To those opposing the Eruv: Get a grip people!!!! The Eruv will in no way alter you non believing lifestyle. The wire is so thin, you may literally need binoculars to see it from street level. Let me take a stab at saying out loud what I think those opposing the Eruv are really concerned about. I believe they are concerned that if the town has an Eruv, more observant Jews will move in to their town. Towns with an established Eruv do attract more observant residents. Soon the non observant residents may feel like the minority, in the thinking of those that oppose the Eruv. Of course, those that oppose the Eruv would NEVER say that out loud, but I'd bet that is exactly what concerns them.
Charles Miller March 25, 2012 at 09:55 PM
It is appalling that certain non-observant Jews who have abandoned any pretense of practicing their face seek to deny observant Jews the ability to maintain those tenets through the reasonable accommodation of the eruv. I agree whole heartedly with other expressed sentiments that their opposition is more a statement of their own thinly disguised bigotry and self-hatred than a reasoned opposition to the eruv.
Craig Brenner March 27, 2012 at 01:04 AM
The eiruv basically becomes a "life wire" that essentially denotes the future of the Jewish people today as we try to keep our values safe and our communities in the Grace of our Creator. Too bad of course that there is no Torah law requiring any such device. In essence, its an industrial way to exist. With the wire.
turnip April 12, 2012 at 01:59 PM
I think it interesting that Mr. Sheiffer has asserted "Central Conference of American Rabbis, which is the umbrella body for all Reform Rabbis in the United States, has taken an official position rejecting eruvs as a kind of “legal fiction” which is inconsistent with the true spiritual observance of the Sabbath under Jewish law and tradition." And yet, the CCAR has actually filed amicus curiae IN FAVOR of eruvs. http://jlaw.com/Briefs/tenafly-ou.html
Joe Hamptons April 27, 2012 at 09:18 PM
First Amendment: "Congress shall make no law respecting an establishment of religion, or prohibiting the free exercise thereof; or abridging the freedom of speech, or of the press; or the right of the people peaceably to assemble, and to petition the Government for a redress of grievances." No where does it say that the government must make special accomadations on public property for a special interest group to practice their version of religion. Im no clarence darrow but seems relatively straight forward to me.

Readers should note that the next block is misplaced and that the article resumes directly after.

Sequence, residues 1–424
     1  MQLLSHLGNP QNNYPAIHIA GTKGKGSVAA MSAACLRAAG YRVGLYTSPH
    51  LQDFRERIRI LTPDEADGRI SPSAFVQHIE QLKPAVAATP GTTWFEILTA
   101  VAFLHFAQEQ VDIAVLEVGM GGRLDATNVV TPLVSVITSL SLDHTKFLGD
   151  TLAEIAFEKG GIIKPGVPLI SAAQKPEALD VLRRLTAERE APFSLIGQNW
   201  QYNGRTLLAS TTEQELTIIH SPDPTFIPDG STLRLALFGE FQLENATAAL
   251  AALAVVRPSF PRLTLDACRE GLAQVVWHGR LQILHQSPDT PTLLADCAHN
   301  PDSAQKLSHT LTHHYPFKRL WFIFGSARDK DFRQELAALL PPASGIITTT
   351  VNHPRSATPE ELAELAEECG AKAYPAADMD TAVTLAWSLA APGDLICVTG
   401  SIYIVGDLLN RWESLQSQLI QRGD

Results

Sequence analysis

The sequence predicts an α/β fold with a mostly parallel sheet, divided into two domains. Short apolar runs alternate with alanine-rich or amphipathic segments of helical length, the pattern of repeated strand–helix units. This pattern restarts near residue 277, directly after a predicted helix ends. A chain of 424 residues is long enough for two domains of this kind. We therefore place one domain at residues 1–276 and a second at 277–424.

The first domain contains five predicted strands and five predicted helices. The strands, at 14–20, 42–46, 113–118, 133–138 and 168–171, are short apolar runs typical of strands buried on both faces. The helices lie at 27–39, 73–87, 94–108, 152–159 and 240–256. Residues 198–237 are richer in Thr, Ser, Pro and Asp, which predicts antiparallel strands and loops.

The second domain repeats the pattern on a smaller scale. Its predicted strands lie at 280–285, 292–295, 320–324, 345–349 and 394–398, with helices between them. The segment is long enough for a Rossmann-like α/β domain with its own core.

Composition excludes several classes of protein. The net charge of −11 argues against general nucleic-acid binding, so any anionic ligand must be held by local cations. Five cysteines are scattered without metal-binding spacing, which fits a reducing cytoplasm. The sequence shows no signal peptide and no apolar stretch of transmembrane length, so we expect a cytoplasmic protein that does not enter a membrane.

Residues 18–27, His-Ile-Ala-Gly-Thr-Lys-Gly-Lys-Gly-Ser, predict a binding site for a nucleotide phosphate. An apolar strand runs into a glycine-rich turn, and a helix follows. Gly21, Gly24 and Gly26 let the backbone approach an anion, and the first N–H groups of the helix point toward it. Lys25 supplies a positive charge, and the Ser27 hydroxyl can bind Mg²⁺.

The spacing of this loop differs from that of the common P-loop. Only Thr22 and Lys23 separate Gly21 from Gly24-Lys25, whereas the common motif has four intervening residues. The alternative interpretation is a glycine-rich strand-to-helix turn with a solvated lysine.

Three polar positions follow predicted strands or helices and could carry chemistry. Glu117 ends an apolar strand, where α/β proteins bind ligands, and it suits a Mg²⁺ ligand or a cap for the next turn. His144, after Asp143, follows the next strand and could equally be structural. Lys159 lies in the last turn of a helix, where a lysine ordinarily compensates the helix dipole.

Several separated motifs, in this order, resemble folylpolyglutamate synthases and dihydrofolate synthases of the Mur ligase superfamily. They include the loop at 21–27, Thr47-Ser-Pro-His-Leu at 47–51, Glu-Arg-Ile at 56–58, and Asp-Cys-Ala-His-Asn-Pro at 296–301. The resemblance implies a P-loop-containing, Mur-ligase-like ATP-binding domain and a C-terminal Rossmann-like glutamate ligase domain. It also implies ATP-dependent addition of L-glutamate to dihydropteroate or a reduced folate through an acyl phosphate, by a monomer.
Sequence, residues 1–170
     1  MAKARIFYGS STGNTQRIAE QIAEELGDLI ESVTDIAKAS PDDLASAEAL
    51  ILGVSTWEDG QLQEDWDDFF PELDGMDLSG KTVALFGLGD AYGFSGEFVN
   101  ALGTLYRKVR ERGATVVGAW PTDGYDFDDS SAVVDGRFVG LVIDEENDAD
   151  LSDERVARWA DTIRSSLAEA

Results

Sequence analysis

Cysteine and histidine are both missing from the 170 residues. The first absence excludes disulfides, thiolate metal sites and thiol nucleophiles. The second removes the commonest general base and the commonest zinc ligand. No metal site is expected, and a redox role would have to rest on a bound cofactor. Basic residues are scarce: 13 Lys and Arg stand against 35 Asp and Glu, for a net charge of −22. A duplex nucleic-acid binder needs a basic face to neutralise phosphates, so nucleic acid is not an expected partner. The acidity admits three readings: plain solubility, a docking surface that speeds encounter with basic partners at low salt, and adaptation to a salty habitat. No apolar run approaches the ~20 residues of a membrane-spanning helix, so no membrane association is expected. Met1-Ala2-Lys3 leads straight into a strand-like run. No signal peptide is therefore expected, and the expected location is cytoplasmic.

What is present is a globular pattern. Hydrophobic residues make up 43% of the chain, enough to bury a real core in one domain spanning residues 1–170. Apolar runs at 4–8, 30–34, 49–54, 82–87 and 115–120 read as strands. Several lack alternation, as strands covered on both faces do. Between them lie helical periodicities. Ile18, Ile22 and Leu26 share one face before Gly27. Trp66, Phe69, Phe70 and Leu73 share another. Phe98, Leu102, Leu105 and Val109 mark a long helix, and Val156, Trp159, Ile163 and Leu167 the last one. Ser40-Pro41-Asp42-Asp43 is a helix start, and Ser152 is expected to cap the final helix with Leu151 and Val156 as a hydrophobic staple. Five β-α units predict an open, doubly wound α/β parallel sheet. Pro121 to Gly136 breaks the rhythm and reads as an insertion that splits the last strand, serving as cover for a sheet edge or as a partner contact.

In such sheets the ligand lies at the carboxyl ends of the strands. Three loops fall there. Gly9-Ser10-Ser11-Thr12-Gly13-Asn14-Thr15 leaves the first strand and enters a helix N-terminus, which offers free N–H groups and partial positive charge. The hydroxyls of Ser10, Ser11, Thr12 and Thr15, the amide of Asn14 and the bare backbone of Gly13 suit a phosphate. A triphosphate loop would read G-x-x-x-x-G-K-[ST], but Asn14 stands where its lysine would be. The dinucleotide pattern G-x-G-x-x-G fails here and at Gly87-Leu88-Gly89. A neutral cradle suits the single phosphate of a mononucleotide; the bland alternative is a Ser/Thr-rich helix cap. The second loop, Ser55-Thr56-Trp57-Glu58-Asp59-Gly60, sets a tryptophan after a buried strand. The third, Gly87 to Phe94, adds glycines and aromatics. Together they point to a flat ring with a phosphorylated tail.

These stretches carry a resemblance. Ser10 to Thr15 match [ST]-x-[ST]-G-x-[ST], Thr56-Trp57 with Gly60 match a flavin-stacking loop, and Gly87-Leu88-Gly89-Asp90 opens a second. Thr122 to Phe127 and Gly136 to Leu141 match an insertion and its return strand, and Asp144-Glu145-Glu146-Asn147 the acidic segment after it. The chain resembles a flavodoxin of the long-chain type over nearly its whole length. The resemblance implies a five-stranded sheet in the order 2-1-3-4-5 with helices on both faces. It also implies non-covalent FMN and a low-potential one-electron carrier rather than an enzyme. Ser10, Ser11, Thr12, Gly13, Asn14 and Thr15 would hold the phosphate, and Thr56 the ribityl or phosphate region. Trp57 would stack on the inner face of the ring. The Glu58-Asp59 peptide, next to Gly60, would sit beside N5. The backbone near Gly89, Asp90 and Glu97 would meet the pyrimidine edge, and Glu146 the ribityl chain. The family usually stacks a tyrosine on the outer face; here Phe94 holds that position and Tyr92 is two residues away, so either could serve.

Eric Wootten May 22, 2012 at 02:03 AM
Nobody cares if there are people who want to practice a certain interpretation of a religious tradition. If you want to be an Orthodox Jew in greater Westhampton, then be our guest. Just don't ask us --the local governments-- to PUBLICLY authorize you to break those Orthodox traditions for the sake of modern convenience! To be Orthodox in ANY religion requires sacrifices which are incongruent to modern societal norms.
Eric Wootten May 22, 2012 at 02:20 AM
Eric Wootten May 22, 2012 at 02:43 AM
"Non-observant" Jews, by your interpretation, are not the only people who oppose the Eruv. The vast majority of those of us who live here year-round are not in favor of this "special religious border" and we are members of a variety of religious denominations. Many of the local families here have lived here for countless generations. Never has the practice of a certain religion been banned here. Never, either, has a religious sect asked for local governmental authorization to break their own religious laws in certain areas of the town. If "observant Jews", as you call them, want to move into our town then it should be because of the natural beauty of the area, the quality of the school systems and the overall quality of life the East End has to offer. It should NOT be because certain "borders" allow them to break their own religious laws!
turnip May 22, 2012 at 02:51 AM
It is NOT "break[ing] of those Orthodox traditions". The how-tos of the construction of an eruv are detailed in the Talmud, tractate eruvin, which was written about 1800 years ago. And the only reason anything is "public" is because the private agreement of a the utility company with the Orthodox community was fought tooth and nail by other people. Despite the existence of an eruv in Baltimore for about thirty years, I would venture to guess the vast majority of people living within it aren't even aware of its existence.
T818 May 22, 2012 at 10:37 PM